HomePHP Page 6 - User Authentication With Apache And PHP
Rank And File - PHP
Want to restrict access to certain sections of your Web site?Or customize page content on the basis of user preferences? Or eventrack user movement across your site? Well, the bad news is that you'llneed to learn how to authenticate users on your site. The good news isthat this tutorial has everything you need to get started.
Now, if you look closely at the HTML markup on the previous page, you'll see that the form references the script "login.php". This PHP script actually performs the task of validating the user information entered into the form against an external source. In this case, the external source is the system's "/etc/passwd" file.
Here's the script which performs the validation:
// login.php - performs validation
// authenticate using form variables
$status = authenticate($f_user, $f_pass);
// if user/pass combination is correct
if ($status == 1)
// initiate a session
// register some session variables
// including the username
$SESSION_UNAME = $f_user;
// redirect to protected page
// user/pass check failed
// redirect to error page
// authenticate username/password against /etc/passwd
// returns: -1 if user does not exist
// 0 if user exists but password is incorrect
// 1 if username and password are correct
function authenticate($user, $pass)
$result = -1;
// make sure that the script has permission to read this file!
$data = file("passwd");
// iterate through file
foreach ($data as $line)
$arr = explode(":", $line);
// if username matches
// test password
if ($arr == $user)
// get salt and crypt()
$salt = substr($arr, 0, 2);
// if match, user/pass combination is correct
// return 1
if ($arr == crypt($pass, $salt))
$result = 1;
// otherwise return 0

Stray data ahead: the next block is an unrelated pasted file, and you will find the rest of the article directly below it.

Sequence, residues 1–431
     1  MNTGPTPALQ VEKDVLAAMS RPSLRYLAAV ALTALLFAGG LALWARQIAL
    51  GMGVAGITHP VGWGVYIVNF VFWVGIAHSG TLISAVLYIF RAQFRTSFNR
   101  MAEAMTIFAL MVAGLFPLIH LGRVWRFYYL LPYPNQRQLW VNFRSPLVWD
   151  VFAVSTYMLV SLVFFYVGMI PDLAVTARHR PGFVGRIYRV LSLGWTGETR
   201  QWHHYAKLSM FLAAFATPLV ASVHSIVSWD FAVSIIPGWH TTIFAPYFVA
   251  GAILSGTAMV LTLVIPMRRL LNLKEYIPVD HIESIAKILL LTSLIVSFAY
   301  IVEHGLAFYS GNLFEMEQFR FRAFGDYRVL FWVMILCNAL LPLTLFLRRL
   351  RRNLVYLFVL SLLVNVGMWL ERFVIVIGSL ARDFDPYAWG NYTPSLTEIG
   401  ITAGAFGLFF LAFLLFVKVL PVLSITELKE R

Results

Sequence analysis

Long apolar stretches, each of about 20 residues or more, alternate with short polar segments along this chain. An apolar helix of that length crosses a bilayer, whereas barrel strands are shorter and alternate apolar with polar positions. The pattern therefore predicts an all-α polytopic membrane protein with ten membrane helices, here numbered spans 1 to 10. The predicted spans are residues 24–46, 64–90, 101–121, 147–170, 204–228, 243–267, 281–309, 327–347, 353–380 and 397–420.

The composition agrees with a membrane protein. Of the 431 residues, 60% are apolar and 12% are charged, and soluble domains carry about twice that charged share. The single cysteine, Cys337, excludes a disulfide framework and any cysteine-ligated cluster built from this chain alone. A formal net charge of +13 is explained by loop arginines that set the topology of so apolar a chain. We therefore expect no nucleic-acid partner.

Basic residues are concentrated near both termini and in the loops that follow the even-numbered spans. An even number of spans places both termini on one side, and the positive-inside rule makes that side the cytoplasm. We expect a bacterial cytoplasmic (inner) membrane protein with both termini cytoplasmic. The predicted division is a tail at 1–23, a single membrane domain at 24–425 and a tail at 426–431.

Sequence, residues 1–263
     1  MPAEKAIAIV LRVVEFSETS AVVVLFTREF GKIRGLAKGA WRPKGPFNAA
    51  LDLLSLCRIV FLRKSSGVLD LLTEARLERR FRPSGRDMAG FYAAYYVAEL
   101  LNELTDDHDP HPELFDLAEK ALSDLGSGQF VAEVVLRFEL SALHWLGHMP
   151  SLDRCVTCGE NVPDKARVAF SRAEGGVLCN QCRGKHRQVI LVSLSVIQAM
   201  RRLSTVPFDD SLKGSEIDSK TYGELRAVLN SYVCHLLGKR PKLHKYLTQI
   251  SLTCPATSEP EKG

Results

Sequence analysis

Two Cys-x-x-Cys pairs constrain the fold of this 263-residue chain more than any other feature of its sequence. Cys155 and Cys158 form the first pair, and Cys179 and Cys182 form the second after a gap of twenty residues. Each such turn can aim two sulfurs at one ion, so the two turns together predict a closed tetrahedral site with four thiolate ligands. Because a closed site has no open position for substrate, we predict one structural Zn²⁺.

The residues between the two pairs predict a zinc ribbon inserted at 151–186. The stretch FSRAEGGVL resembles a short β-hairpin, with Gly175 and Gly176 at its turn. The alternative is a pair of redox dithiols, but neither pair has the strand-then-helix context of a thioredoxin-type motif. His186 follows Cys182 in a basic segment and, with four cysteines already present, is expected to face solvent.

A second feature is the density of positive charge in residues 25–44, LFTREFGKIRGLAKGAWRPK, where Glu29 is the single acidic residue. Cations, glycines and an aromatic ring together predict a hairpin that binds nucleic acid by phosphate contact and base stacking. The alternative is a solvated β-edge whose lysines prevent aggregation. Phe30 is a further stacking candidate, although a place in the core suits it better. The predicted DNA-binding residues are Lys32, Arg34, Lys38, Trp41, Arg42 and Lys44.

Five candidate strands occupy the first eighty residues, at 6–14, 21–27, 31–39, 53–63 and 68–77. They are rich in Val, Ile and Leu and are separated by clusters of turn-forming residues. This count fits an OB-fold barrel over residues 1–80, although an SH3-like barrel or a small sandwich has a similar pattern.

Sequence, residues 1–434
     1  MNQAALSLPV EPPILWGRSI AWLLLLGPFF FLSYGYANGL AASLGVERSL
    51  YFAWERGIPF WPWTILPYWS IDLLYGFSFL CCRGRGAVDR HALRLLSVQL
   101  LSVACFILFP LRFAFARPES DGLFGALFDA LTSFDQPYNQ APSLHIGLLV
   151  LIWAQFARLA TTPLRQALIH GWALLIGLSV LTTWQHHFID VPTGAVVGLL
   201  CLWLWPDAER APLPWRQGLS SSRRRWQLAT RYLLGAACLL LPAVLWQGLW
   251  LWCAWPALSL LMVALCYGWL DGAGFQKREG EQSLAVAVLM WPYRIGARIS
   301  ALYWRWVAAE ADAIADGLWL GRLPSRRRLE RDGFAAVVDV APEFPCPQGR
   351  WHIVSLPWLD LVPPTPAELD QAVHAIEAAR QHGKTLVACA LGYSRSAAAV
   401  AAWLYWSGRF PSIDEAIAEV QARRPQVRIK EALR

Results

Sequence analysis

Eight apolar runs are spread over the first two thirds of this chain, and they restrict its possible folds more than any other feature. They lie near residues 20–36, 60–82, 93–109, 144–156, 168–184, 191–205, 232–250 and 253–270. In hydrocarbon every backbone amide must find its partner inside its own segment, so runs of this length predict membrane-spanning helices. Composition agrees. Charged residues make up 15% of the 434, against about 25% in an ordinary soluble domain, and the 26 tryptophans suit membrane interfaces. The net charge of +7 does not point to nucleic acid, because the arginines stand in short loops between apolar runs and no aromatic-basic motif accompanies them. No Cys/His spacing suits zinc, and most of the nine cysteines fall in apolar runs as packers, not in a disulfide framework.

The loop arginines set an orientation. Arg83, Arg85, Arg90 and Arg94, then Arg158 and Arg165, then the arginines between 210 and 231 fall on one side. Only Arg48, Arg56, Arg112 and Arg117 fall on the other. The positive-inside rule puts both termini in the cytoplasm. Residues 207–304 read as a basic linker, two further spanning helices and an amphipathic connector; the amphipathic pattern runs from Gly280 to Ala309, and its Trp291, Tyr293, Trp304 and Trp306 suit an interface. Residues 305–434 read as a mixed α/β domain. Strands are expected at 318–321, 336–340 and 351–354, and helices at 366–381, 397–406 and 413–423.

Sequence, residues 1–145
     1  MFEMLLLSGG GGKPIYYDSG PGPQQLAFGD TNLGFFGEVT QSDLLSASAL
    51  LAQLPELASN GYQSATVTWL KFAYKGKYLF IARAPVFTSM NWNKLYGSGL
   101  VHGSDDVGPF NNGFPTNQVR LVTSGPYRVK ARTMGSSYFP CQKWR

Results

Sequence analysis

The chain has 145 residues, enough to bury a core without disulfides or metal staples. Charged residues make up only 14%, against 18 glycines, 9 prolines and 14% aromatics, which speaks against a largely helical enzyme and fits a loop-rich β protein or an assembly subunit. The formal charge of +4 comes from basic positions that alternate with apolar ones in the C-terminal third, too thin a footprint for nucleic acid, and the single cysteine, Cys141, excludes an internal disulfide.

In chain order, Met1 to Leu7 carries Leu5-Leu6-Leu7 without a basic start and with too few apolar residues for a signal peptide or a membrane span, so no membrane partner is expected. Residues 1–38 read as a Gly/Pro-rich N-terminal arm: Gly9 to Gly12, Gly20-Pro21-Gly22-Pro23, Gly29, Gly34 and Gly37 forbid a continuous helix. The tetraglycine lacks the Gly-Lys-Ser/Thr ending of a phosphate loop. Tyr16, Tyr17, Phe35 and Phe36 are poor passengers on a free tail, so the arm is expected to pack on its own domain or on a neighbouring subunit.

$result = 0;
// return value
Pay special attention to the authenticate() function, which
forms the core of the script above. This is the function that actually does the hard work of accepting a username/password combo, iterating through the password file, crypt()-ing and matching the user's input against the encrypted data in the file, and finally returning a result code based on the results of the comparison.
In case you're wondering about the actual mechanics of the validation, it's fairly simple. The authenticate() reads the system's password file ("/etc/passwd" here), looks for a line beginning with the specified username, and extracts the first two letters of the corresponding encrypted password string. These two characters serve as the "salt" for the encryption process.
Next, the cleartext password is encrypted with PHP's crypt() function and the extracted "salt", with the result checked against the encrypted value in the password file. If the two match, it implies that the supplied password was correct; if they don't, it implies that the password was wrong. Either way, the result of this authentication procedure is then returned to the caller via a result code.
Assuming that the user has been successfully authenticated, a PHP session is instantiated via the session_start() function, and some session variables are registered. These session variables remain active for the duration of the user's visit to the site. In the example above, I've registered $SESSION (a flag variable to indicate that a session is active) and $SESSION_UNAME (the user's account username) as session variables
Note also that I have found it a good practice to capitalize session variable names, so as to distinguish them from the local variables found in individual script. Again, this is a personal quirk - feel free to ignore it if you think it's stupid.
Once all the session variables have been set up, the browser is redirected to the protected page, "inner.sanctum.php". We'll look at that, and also at the error handler "error.php" shortly - but first, let's look at an alternative scenario, which uses a database for user validation.